Thursday 26 January 2012

Striving in the uncertain digital future

By Ho Ching, Published The Straits Times, 25 Jan 2012

AS A small, open society in a highly interconnected world, Singapore will be buffeted by the deep global changes taking place around us.

On the demographic front, it took the world 120 years (1804-1924) to double from one billion to two billion people. But it took less than the last 15 years for it to increase by another billion, from six billion to seven billion.

It is a big and fast-growing world of people, all hungry for a better life for themselves and their children. This creates enormous pressure on resources, and thus the challenges of sustainability and global warming.

We are living much longer too. Up till the 1950s, people lived until their early 50s. Today, the 60s are the new 40s. We live longer, thanks to better education, better nutrition and better health care. Globally, among those over 60, the number of those who are 80 years old and older is growing the fastest - at the rate of 4 per cent a year. So we not only are living longer, we are having more and more old folks above 80 years old.

At the younger end, the fertility rate is plummeting globally. In Britain, it took 130 years to go from a fertility rate of five to a rate of two. But mothers in developing countries today can expect to have three children, when their mothers had six or more. Sometime between 2020 and 2050, the world's fertility rate as a whole will fall below the replacement rate of 2.1. So the issue of replacement fertility is not just a Singapore issue.

Singapore's fertility rate is 1.2 - even less than China's 1.6, with its one-child policy. Our birth rate is a far cry from in 1966, when the KK Women's and Children's Hospital delivered nearly 40,000 babies in one year, a world record, and continued to deliver the most number of babies at a single medical facility for a decade. With life expectancy at over 80 years old, and our low fertility rate, we are not only ageing rapidly, but our numbers will also shrink, with fewer and fewer young people to look after more and more older folks.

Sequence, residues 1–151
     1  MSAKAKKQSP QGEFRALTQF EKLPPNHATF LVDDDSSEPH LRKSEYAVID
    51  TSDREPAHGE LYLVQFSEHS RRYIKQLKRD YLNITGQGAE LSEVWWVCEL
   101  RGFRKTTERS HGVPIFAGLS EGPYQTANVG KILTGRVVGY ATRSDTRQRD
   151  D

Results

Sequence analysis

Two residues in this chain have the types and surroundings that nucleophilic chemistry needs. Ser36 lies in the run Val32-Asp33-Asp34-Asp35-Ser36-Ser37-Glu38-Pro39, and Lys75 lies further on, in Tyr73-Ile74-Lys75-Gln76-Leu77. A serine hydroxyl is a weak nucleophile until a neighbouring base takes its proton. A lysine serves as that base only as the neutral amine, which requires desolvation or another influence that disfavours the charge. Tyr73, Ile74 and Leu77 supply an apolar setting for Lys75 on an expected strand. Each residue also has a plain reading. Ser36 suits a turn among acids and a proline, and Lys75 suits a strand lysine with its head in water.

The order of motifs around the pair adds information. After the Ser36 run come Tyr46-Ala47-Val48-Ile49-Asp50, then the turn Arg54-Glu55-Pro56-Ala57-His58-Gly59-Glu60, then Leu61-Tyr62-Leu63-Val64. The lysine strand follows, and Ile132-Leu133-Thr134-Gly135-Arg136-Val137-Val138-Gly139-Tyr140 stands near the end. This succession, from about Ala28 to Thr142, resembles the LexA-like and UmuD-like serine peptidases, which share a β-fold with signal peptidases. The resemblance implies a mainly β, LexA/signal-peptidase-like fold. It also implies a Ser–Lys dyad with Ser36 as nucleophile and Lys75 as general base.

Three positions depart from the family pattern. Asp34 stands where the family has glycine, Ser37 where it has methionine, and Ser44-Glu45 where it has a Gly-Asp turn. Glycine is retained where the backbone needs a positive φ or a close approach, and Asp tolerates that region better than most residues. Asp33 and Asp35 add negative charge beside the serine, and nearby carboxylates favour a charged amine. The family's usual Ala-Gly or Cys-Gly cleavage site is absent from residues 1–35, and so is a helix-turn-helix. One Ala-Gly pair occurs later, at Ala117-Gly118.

This means more resources to support the expanding base of the elderly, with the burden falling on a shrinking base of younger people. In the United States, the government spends 2.4 times more on elderly retirement benefits than it does on children, including their education.

The old Bismarckian approach of state-funded pensions will not be sustainable in a growing and greying world.

Social security systems like those in the US or Germany, which depend on the working population to contribute to a common pool to fund the retirees, just cannot carry on for long. They will have to go through difficult and painful reform, much like what Greece is going through today. Two-thirds of private sector pensions in the US have already shifted to defined contributions plans much like our Central Provident Fund system, where our retirement benefits depend on what we put into our individual retirement accounts.

But the most important trend is the dramatic digitalised world.

Human society has gone through three major shifts: from small nomadic families wandering vast prehistoric plains, to larger agricultural communities clustered around fertile land and water, to the large thriving cities of the past two centuries, amplified by the industrial revolution.

In 1800, just over 200 years ago, only 3 per cent of the world lived in urban cities and towns.

A century later, in 1900, 14 per cent of the world lived in cities. The great industrial revolution led to mass urbanisation, as well as the globalisation of manufacturing and commerce.